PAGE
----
The second and third acts are really about four spoilt women with men they don’t deserve being given a trip they wouldn’t get to a place they really wouldn’t want to go to and wouldn’t have them. A better idea would have been to lock these women in a very gruelling survival boot camp without their creams, gyms and shoes. That would have been a film worth watching. It has been exceptionally annoying to be female and have this film and the latter third of the series being put across as a manifestation of modern woman and her social mores. At best SATC used to depict through its pontificating the fact that the whole premise the particular episode resided on was much ado about nothing. It tried to takeover the realm of Woody Allen but without the good acting and with endless self absorption.
This sequel though should really have been banned on the grounds of mis-representation. Women (Middle-Eastern, Western, Menopausal, New Yorkers) Professionals (Please can someone in PR complain about how the profession has been depicted in this show for the past decade?) Men (Professional men are toxic bachelors out to hurt women – their use of dating sites belies this) Gays (all are blinged up clichés with no taste and icon followers with fag hag mates) It is all here. Why, how? There was an opportunity to have the Middle-Easterns realise how awful they are at marketing. There was an opportunity for Samantha to learn humility and embrace a calmer time in her life as opposed to the really cringe-making moment when she is giving an audience of Abu Dhabians’ a slagging off shaking condoms at them. Previously she was arrested for indecent conduct. Off course she then loses the contract all of them are out there for. In an episode of Sex and the City Samantha had to shag a fireman at his place of work and of course made herself look an idiot when an emergency took place. What started out as an exercise in depicting the liberated woman is now making us look like prostitutes. Miranda and Charlotte come out better than the other two – but the real stars in this film are the men – who by rights would have all packed off to get it on with ten years younger women with less real and imagined baggage.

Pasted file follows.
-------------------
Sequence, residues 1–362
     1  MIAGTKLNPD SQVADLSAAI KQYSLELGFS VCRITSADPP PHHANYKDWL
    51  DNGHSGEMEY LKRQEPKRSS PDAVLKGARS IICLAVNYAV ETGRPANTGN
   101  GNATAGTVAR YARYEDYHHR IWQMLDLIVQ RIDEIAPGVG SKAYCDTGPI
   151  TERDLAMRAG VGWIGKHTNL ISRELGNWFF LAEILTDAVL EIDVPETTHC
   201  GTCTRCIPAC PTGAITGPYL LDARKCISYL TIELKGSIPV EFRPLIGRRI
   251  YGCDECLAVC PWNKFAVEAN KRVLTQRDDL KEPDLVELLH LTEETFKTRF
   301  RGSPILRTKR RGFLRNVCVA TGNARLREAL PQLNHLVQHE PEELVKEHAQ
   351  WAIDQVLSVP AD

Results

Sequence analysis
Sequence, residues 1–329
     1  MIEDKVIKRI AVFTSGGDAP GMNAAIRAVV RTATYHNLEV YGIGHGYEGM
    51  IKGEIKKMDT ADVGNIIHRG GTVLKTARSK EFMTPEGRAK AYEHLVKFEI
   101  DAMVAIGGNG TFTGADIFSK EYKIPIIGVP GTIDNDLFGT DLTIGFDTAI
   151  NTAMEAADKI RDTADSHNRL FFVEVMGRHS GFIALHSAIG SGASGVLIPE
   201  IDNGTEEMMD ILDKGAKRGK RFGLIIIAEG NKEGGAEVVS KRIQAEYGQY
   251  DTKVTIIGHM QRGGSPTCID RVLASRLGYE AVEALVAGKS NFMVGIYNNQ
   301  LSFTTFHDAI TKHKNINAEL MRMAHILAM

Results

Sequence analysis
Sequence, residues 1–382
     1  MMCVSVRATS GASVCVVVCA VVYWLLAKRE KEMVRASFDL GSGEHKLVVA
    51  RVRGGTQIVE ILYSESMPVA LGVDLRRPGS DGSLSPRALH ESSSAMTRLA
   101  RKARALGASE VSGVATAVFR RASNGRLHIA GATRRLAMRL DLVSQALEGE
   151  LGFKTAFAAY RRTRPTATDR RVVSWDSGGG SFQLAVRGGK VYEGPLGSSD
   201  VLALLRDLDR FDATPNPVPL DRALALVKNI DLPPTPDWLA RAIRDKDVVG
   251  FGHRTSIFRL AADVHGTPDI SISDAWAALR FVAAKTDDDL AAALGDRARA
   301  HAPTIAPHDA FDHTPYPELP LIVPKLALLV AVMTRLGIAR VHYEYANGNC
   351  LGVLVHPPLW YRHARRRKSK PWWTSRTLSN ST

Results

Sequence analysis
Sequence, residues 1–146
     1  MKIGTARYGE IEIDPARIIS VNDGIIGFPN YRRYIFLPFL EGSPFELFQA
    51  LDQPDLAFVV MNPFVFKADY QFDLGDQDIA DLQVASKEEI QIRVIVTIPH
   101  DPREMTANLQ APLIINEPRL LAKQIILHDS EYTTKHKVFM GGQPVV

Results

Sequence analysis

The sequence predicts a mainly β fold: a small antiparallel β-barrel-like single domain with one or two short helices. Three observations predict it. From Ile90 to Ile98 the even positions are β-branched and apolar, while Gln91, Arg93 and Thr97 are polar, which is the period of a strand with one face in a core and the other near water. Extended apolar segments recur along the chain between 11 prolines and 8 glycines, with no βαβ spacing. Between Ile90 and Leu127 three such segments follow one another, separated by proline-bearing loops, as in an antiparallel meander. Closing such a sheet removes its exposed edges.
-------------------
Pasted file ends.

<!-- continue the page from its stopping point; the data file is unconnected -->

The only, and really only reason SATC 1 & 2 were made is money. This film, as with its predecessor is set to take millions – the same sad idiots that bought tickets for the last will buy tickets for this. It would appear that no amount of cultural stereo-typing can keep a particular form of girl with any values from parting with her cash.

Sitting in the cinema there was a group of teen to early twenties girls – the same sort of crowd that were queuing to see the feminisation of vampire films in Twilight last year. It is difficult to see what it is doing for them – apart from suggesting that parties, shoes and pretty or attractive men will rescue and love them without having to go the trouble of being and doing something substantial. In this, SATC 2 and movies aimed at the female market in general are to be avoided by anyone with an atom of intelligence.

Gail Spencer